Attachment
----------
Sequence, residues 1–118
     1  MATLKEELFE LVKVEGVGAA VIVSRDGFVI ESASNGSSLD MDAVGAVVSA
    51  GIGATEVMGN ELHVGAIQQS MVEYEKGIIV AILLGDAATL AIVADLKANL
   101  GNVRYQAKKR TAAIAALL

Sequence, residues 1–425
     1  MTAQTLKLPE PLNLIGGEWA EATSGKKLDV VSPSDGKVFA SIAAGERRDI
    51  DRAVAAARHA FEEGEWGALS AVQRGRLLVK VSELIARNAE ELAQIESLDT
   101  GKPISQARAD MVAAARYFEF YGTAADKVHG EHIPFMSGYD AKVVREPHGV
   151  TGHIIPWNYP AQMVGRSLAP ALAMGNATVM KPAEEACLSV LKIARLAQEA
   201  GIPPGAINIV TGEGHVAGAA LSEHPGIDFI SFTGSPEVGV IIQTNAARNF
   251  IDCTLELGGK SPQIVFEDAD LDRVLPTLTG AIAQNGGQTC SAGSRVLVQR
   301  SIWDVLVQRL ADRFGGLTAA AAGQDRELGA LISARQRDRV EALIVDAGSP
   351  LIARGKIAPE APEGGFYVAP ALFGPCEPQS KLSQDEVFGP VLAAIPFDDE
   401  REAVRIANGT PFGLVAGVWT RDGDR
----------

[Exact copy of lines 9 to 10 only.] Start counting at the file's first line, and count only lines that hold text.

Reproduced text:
   151  TGHIIPWNYP AQMVGRSLAP ALAMGNATVM KPAEEACLSV LKIARLAQEA
   201  GIPPGAINIV TGEGHVAGAA LSEHPGIDFI SFTGSPEVGV IIQTNAARNF